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Chapter II: The Holy Land

Davidson College, North Carolina

January 2015

“You can go anywhere in the world you want to go.” The statement had great potential, though it was given a lackluster delivery by the bespectacled, twenty-something abroad counselor sitting across from me. Nonetheless, it was exactly what I’d been waiting to hear for a year and a half, and one of the main reasons I had tried so hard to get into this elite liberal arts college in the first place. The Davidson College abroad program, as promised, offered the chance to travel anywhere your heart desired - affordably - and it was finally my time to take advantage.

Yet, when faced with the moment in which I had to choose, I was suddenly overwhelmed. I wasn’t used to this kind of freedom. Indeed, my background was quite different from most of the students at Davidson, many of whom came from prominent legacy families and spent summer vacations in Europe. I grew up in a cattle town called Copperopolis, located in the rural California foothills of the Sierra Nevada mountains. I spent my summers vying for tips and marinating in a kiddie pool on the front lawn.

Therefore, when faced with the question of where I would go abroad, there were a number of voices in my head who had an opinion. “Go to Europe!” my parents said, because that was where they would have gone if they had had the opportunity. Undoubtedly, I would return home safe and sound and more cultured. “Don’t go to Europe!” my more adventurous friends said. “You can go there when you’re old! Go somewhere you can only go now - like Mongolia!” I imagined myself riding a yak with an eagle perched on my arm. Then, I imagined myself sipping wine (legally!) at an outdoor cafe on a cobblestone street. Both options seemed attractive.

“It may help to determine why you want to go abroad and what it is you want to achieve,” the counselor stated, yanking me out of my head. “What language are you currently taking?” she asked.

“Arabic,” I replied. Why, exactly, I was taking Arabic, even I, myself, did not fully understand. All I remembered was elatedly scanning the course list the summer before my freshman year, declaring, “Look, they offer Russian! And Arabic!”

“You think you could learn Arabic?” my mom had asked, with matched excitement.

“Let’s find out!”

And here I was, three intensive semesters later, with a hard-won intermediate level of fluency. “Do you want to go somewhere where you can practice your Arabic?” the counselor suggested.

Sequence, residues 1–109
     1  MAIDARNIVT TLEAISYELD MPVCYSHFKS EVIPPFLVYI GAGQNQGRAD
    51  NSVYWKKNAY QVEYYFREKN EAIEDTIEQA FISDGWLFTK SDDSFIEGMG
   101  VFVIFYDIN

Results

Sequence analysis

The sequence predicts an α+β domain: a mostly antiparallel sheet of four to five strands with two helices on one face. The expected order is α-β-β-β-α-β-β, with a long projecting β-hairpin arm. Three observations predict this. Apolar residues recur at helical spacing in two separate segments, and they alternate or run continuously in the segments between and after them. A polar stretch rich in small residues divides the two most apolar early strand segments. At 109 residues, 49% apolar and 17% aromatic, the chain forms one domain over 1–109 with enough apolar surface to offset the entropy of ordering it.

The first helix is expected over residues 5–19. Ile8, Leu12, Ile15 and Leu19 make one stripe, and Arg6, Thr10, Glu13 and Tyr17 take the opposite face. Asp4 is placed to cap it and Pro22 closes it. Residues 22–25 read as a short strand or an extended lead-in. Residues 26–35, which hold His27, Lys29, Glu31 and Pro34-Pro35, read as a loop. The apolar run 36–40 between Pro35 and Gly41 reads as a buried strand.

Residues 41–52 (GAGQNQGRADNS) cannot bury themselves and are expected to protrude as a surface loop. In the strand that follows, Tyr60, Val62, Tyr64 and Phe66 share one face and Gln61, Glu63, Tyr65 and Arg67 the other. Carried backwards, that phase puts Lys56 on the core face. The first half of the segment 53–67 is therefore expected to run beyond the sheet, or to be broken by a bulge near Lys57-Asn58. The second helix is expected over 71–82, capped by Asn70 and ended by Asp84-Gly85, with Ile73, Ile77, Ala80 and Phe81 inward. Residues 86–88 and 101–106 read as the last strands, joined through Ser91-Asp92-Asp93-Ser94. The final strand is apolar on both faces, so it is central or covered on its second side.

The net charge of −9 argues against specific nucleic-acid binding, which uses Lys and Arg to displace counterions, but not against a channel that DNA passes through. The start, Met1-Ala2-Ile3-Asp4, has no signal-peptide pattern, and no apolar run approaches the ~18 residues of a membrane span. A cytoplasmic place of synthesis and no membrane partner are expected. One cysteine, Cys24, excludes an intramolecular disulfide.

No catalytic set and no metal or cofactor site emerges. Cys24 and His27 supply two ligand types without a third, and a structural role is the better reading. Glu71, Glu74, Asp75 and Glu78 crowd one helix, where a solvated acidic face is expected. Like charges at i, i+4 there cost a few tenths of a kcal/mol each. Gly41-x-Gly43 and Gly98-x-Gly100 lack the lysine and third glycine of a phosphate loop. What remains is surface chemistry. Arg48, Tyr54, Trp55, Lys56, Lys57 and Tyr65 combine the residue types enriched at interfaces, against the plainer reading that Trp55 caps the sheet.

“Yeah... I guess that would make sense,” I agreed. I was wary of what this would entail, but also relieved to narrow it down a bit.

“Well, there are fewer places in the Middle East that you are authorized to go,” she began, leafing through a pamphlet full of enticing pictures. “But there is Jordan, which is probably the best place to study the language.”

My roommate had gone to Amman, Jordan for an Arabic program, and had told me upon her return, flat out, never to go. And there were other female classmates, mostly blondes like me, who came back with tales of relentless catcalling on the streets. There was even a sexual assault in a cab...

“Um,” I replied hesitantly, “I’ve heard Jordan isn’t - great for girls...I’m not sure I’d feel comfortable living there.”

“Who told you that?” she asked, rather crisply. I hoped what I’d said didn’t make me sound ignorant. “It was fine when I went,” she said pointedly. Her Patagonia fleece and make-up-free face suggested that she was that type who had been everywhere. “But that’s fine,” she concluded. I felt my cheeks redden as she flipped through her pamphlet a little rougher this time, until arriving at a picture of a silvery stone mosque. “Istanbul is one of my favorite cities,” she said. “They don’t speak Arabic there, obviously, but you could still go to a school that offers it.”

“Wow, that does look gorgeous,” I remarked. But if I was going to go to the Middle East, I wanted to be immersed in Arabic, not just learn it in class like I did already.

“Another option is Jerusalem,” she offered. “Also an amazing city. They have a great immersion program at Hebrew University, and you can get real-life practice with the Palestinian population.”

She showed me the picture. It seemed to be from another time: an Old World market lining a crooked, white stone street, perhaps one that Jesus had walked; then another picture of Orthodox Jews at the Wailing Wall, casting prayers into its cracks; then another featuring the Dome of the Rock, dazzling in green, blue, and gold.

“Is it better for girls there?” I asked.


Jerusalem. The Holy Land. “Well, I guess that’s where I’ll go.”


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